Combined engineering of disaccharide transport and phosphorolysis for enhanced ATP yield from sucrose fermentation in Saccharomyces cerevisiae

Wesley Leoricy Marques, Robert Mans, Ryan K. Henderson, Eko Roy Marella, Jolanda ter Horst, Erik de Hulster, Bert Poolman, Jean Marc Daran, Jack T. Pronk, Andreas K. Gombert, Antonius J.A. van Maris

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10 Citations (Scopus)
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Abstract

Anaerobic industrial fermentation processes do not require aeration and intensive mixing and the accompanying cost savings are beneficial for production of chemicals and fuels. However, the free-energy conservation of fermentative pathways is often insufficient for the production and export of the desired compounds and/or for cellular growth and maintenance. To increase free-energy conservation during fermentation of the industrially relevant disaccharide sucrose by Saccharomyces cerevisiae, we first replaced the native yeast α-glucosidases by an intracellular sucrose phosphorylase from Leuconostoc mesenteroides (LmSPase). Subsequently, we replaced the native proton-coupled sucrose uptake system by a putative sucrose facilitator from Phaseolus vulgaris (PvSUF1). The resulting strains grew anaerobically on sucrose at specific growth rates of 0.09 ± 0.02 h−1 (LmSPase) and 0.06 ± 0.01 h−1 (PvSUF1, LmSPase). Overexpression of the yeast PGM2 gene, which encodes phosphoglucomutase, increased anaerobic growth rates on sucrose of these strains to 0.23 ± 0.01 h−1 and 0.08 ± 0.00 h−1, respectively. Determination of the biomass yield in anaerobic sucrose-limited chemostat cultures was used to assess the free-energy conservation of the engineered strains. Replacement of intracellular hydrolase with a phosphorylase increased the biomass yield on sucrose by 31%. Additional replacement of the native proton-coupled sucrose uptake system by PvSUF1 increased the anaerobic biomass yield by a further 8%, resulting in an overall increase of 41%. By experimentally demonstrating an energetic benefit of the combined engineering of disaccharide uptake and cleavage, this study represents a first step towards anaerobic production of compounds whose metabolic pathways currently do not conserve sufficient free-energy.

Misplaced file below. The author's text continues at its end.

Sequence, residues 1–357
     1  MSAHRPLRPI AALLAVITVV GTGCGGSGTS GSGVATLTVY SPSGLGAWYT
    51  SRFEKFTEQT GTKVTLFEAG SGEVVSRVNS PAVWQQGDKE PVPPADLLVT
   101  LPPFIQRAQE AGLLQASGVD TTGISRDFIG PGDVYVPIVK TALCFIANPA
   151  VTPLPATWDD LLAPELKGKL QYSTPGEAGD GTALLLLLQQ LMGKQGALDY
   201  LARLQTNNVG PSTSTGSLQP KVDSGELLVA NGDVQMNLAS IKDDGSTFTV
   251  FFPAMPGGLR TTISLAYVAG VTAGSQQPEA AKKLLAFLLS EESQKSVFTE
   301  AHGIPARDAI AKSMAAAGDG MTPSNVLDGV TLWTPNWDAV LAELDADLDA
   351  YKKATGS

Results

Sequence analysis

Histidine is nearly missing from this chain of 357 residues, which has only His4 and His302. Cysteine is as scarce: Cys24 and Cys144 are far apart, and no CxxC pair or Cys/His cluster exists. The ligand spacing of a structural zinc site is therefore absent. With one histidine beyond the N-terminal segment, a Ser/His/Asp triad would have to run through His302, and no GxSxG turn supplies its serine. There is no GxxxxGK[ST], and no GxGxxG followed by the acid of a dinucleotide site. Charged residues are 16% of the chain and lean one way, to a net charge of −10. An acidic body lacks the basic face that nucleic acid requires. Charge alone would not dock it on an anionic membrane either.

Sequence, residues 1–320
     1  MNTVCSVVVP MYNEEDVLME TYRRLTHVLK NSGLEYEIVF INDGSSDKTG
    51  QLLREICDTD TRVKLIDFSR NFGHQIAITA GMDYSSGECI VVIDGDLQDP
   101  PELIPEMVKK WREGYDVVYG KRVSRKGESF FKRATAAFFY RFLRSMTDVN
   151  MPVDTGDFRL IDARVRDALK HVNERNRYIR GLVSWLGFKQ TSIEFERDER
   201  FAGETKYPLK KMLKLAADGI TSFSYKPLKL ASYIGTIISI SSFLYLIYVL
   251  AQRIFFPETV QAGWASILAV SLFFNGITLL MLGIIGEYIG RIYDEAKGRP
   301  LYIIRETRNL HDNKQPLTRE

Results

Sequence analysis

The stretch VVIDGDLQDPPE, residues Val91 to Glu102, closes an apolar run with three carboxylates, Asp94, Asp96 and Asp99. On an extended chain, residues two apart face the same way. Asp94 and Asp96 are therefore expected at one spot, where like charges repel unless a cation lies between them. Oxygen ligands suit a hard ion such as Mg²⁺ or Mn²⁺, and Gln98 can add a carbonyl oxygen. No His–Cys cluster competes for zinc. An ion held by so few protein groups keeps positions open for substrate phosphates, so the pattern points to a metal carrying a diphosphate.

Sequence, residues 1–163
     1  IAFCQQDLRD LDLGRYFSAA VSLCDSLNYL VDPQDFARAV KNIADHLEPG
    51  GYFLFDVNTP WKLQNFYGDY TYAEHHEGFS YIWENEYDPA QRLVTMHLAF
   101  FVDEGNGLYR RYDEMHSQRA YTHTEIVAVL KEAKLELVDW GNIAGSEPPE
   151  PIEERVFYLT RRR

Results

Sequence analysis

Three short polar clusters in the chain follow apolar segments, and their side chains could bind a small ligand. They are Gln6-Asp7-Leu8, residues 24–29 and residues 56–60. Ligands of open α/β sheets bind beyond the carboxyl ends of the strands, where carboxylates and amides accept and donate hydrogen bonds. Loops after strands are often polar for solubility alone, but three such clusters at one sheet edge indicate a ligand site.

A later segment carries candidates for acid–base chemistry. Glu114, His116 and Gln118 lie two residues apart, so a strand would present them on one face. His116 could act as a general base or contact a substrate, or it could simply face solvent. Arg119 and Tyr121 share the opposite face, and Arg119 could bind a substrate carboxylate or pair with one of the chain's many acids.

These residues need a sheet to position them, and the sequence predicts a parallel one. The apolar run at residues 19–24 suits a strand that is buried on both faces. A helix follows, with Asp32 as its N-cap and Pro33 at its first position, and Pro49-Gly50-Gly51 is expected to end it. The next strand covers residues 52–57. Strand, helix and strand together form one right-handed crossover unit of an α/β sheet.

Original languageEnglish
Pages (from-to)121-133
Number of pages13
JournalMetabolic Engineering
Volume45
DOIs
Publication statusPublished - 2018

Keywords

  • ATP
  • Chemostat
  • Facilitated diffusion
  • Free-energy conservation
  • Phosphoglucomutase
  • Yeast physiology

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